Guanxi a term denoting close networks has been behind informal credit markets supplying start-up capital to Chinese entrepreneurs the world over. Again, no formal agreements eforceable through the courts operates here. Trade and credit has been made possible through closely linked networks built on family and kin relations or reciprocal relationships based on one’s honor and reputation.
From trust to contracts
The West took a very different more protracted route. After the conversion of Germanic tribes to Christianity in the sixth century, the church promoted changes to interlocking marriages based on kinship. This tended to weaken in the long-run political and economic ties based on kin selection. They moved away from trust to contracts through the centuries.
In the twelfth century the English common law administered by the king’s court to which subjects could appeal the decisions of local lords established a system known as “the rule of law” to which eventually even the monarch was made subject by the nobles who feared expropriation by the state. Contracts became enforceable and property rights made more secure without the need for personal connections or networks.
Across the English Channel, the Dutch established the first stock exchange in the early seventeenth century. This made corporate management distinct from its owners and spread risk through tradable certificates lowering their average exposure and leading firms (such as the Dutch East India Company) to be less conservative in business expansion. Capital-raising went through an impersonal market rather than through personal networks.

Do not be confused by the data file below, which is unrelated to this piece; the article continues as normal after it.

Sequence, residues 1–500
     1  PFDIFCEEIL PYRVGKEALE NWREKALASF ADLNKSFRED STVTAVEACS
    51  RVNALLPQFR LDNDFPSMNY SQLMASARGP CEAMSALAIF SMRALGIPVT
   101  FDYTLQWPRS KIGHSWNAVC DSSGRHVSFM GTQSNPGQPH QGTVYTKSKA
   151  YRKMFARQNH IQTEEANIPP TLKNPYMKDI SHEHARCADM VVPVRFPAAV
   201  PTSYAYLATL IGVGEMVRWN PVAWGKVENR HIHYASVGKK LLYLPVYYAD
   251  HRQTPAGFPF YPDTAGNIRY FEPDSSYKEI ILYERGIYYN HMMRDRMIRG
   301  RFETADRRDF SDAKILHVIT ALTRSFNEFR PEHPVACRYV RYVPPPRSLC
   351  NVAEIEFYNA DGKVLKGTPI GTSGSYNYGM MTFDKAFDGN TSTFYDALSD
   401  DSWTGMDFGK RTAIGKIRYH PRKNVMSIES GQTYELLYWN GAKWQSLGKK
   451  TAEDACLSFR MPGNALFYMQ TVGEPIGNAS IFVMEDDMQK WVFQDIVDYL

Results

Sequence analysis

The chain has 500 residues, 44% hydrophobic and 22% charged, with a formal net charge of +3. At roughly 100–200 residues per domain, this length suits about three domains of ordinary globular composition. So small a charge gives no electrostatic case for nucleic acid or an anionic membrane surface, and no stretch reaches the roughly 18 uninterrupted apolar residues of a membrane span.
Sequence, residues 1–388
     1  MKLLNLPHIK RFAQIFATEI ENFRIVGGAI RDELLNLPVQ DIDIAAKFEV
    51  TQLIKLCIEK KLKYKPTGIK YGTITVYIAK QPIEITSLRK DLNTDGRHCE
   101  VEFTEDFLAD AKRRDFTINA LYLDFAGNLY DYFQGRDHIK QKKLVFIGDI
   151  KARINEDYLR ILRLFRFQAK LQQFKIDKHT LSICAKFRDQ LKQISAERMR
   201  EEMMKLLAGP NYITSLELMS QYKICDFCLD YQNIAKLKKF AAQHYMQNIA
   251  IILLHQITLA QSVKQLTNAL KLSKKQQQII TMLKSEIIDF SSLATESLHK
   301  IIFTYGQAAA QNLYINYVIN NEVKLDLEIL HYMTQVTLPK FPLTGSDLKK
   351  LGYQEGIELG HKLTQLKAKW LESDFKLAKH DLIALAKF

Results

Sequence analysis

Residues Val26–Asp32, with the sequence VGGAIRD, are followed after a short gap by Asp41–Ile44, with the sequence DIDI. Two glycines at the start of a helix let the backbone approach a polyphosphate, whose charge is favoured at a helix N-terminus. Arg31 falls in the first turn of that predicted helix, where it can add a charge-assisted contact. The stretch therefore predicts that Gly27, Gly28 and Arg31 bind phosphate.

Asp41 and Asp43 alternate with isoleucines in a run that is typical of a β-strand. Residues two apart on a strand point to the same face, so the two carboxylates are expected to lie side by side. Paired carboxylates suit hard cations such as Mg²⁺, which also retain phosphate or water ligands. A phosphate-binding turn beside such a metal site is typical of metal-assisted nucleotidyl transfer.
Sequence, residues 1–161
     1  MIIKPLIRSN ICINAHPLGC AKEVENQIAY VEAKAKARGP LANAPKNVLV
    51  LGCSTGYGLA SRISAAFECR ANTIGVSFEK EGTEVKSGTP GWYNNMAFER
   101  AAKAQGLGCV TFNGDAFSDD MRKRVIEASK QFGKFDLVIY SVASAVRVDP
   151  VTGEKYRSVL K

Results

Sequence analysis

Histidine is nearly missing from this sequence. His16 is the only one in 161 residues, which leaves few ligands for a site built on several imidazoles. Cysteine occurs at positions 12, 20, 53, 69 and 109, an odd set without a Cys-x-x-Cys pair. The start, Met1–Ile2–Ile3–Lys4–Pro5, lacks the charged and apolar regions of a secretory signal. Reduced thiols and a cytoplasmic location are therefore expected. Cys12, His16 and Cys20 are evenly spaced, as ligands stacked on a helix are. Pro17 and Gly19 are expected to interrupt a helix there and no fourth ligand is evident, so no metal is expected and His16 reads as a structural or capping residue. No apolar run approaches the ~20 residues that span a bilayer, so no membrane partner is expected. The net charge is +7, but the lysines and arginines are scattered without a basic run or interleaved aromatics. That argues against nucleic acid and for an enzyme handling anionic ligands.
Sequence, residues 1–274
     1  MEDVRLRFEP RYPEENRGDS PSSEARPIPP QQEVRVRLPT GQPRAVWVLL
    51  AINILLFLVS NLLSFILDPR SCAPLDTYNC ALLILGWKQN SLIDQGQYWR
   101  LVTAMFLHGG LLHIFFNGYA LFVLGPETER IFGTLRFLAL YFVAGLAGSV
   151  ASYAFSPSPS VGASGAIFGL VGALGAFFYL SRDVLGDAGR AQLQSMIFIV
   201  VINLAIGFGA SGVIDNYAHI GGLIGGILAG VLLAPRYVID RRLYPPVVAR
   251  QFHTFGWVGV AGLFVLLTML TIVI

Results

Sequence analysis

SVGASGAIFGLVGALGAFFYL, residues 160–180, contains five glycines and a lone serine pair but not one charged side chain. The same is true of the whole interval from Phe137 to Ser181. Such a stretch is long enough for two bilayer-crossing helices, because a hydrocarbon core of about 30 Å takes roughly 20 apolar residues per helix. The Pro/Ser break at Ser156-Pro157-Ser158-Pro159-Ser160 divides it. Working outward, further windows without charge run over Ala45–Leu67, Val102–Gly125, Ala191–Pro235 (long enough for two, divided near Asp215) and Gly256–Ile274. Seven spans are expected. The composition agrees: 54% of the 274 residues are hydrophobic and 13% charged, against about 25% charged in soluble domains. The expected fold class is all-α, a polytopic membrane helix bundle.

Management in the West tended to be more individualistic than consensual motivated by incentives rather than trust. Short-term, risk-taking behavior leading to rich rewards and bonuses became more prevalent. Maintaining reputation continued to be important, but only in terms of improving one’s value in the impersonal labor market rather than protecting one’s “word of honor” within a tightly knit community.
Where to begin?
The Philippines is obviously stuck in transition. Many formal institutions have been transplanted from the West, but they remain weak and porous to the tyranny of cousins. It has been difficult for a strong central state to emerge where one’s loyalty to the country ends where one’s loyalty to one’s family begins. The thick network of kumpadres, kamag-anak, and kaibigan (now augmented by kaklase, kabarkada and kabarilan) makes it difficulty to determine where to even begin the reform process.
“Getting to Denmark” is the problem to be grappled with: how to emulate Scandinavia which has the highest levels of human development and cleanest governments in the world. It almost sounds tautological. In order to gain the living standards of the West, we need to adopt their political and economic institutions including a strong state, rule of law and democratic accountability. If our society had the means to create and maintain such institutions, it wouldn’t be poor to begin with.